A few days later we had a happy visit with Frank and his family, which meant a lot to me. While we were there, I thought, why can’t my brother and sister be like Frank’s kids?
Although I loved and cherished the time I was spending with my mother, the hardness of her life was laid bare during this visit. It broke my heart.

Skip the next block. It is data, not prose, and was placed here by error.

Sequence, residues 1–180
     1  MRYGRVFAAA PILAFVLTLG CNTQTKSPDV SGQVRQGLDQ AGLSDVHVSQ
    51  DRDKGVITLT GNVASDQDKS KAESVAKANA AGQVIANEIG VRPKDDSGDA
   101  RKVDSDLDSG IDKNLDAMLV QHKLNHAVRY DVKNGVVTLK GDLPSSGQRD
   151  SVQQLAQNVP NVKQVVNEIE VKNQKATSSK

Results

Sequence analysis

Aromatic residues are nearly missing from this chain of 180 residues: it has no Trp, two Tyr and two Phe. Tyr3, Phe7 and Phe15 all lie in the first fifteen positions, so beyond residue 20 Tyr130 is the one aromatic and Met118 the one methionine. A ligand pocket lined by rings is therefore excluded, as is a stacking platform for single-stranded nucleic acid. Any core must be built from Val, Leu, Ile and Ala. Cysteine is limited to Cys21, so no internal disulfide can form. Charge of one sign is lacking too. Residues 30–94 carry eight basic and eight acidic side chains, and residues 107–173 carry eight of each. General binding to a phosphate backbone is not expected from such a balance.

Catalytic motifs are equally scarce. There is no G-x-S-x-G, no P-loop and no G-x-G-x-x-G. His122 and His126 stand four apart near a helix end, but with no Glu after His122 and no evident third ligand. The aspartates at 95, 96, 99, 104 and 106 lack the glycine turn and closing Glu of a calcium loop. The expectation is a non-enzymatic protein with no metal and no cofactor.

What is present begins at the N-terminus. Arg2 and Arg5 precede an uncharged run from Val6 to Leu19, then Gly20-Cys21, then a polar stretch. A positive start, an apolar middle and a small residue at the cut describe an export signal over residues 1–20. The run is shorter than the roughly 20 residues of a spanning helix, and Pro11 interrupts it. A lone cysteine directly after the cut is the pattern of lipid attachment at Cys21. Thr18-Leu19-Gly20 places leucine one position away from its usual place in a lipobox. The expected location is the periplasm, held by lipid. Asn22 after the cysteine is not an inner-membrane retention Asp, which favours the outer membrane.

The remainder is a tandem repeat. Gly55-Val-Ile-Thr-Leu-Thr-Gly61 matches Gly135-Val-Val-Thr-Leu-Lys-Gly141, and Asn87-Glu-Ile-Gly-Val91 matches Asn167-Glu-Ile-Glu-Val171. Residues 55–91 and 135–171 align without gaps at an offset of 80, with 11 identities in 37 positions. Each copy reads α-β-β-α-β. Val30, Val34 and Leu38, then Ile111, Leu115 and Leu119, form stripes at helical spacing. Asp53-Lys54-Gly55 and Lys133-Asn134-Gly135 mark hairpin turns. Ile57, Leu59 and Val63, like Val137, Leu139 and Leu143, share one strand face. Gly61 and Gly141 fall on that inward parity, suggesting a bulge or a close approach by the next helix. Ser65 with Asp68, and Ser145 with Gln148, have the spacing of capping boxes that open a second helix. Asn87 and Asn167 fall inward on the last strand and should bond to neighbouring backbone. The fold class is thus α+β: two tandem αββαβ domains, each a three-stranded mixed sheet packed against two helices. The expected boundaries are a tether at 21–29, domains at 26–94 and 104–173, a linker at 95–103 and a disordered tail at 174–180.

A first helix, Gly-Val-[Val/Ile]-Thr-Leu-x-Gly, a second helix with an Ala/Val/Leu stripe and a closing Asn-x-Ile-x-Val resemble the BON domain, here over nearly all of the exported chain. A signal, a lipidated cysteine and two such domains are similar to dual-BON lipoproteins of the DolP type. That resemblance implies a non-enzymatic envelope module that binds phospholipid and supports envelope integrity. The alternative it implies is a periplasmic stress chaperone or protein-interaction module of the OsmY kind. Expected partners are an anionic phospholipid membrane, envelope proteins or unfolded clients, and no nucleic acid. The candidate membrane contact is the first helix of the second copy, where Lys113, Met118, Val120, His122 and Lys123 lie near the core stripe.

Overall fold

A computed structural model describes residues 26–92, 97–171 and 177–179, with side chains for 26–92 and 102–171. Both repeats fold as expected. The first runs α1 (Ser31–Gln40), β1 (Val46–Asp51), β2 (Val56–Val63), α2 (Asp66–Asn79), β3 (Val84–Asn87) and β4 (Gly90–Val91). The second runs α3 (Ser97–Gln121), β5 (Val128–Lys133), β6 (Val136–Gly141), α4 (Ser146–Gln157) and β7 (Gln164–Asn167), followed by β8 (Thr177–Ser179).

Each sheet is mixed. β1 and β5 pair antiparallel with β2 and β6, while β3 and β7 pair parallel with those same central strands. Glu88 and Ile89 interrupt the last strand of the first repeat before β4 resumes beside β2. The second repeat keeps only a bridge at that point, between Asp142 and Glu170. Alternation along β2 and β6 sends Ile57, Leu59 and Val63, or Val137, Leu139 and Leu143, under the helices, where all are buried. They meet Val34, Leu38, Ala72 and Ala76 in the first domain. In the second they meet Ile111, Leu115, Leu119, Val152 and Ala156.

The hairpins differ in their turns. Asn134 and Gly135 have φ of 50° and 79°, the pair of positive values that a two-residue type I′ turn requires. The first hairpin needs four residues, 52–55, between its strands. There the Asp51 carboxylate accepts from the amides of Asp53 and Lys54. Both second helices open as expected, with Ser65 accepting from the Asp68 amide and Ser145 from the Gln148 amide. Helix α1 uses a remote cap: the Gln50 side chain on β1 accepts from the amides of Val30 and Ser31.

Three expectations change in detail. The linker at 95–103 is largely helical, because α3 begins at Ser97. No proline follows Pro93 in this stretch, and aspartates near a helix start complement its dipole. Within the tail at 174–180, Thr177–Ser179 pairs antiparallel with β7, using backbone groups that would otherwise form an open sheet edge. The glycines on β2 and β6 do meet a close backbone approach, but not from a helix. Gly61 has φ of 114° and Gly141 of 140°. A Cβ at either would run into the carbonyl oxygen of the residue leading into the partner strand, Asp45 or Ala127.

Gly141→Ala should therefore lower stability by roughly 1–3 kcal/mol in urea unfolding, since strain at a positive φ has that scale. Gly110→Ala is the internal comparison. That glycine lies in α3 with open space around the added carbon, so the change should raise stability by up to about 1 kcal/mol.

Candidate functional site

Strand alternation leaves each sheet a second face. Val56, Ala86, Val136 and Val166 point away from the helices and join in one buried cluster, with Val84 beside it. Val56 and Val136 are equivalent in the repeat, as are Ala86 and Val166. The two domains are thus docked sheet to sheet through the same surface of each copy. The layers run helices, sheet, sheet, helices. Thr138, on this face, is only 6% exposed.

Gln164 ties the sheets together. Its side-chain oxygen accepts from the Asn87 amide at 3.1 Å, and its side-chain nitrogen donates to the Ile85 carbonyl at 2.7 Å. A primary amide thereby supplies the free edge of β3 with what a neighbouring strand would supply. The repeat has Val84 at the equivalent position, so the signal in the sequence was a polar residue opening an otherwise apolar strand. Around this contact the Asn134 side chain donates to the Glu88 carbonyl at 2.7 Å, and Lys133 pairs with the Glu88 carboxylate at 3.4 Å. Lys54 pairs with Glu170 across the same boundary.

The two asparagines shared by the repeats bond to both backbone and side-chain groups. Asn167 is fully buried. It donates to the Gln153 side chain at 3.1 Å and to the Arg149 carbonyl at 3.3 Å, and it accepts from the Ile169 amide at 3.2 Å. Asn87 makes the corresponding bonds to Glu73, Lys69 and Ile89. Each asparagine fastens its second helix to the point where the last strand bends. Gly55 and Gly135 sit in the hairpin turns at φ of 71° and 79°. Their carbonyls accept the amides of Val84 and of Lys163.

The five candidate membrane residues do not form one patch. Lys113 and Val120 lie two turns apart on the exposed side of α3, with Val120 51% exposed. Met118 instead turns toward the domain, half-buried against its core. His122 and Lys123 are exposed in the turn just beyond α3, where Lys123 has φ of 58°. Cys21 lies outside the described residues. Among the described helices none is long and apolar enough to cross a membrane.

Junelle told me about my brother and sister’s father, the man she DID marry. She spoke of how he had always liked her and had pursued her ever since high school and how she wasn’t interested. But after being left at the altar 4 months pregnant with me and then giving me up for adoption, she felt as though no man would ever have her now. So, when my brother and sister’s father learned what had happened, he saw his opening and came calling for again and this time my mother accepted his marriage proposal. She said he was a good, church going man, but that he also had a terrible temper, a temper that my brother had inherited along with sky high cholesterol. She told me of times when he’d knocked over a table where she was working on a jigsaw puzzle when he got mad at her. I shuddered to think of the things he’d probably done to her that she didn’t tell me about. She then talked of the things my brother had broken or damaged in the house during his own fits of anger. She’d married a man who’d always pursued her, but then abused her when he got her and gave her two kids who grew up to mistreat her in the same way he did. And, in a way, all because of the shameful act of my birth father who made this all possible with his cowardly act.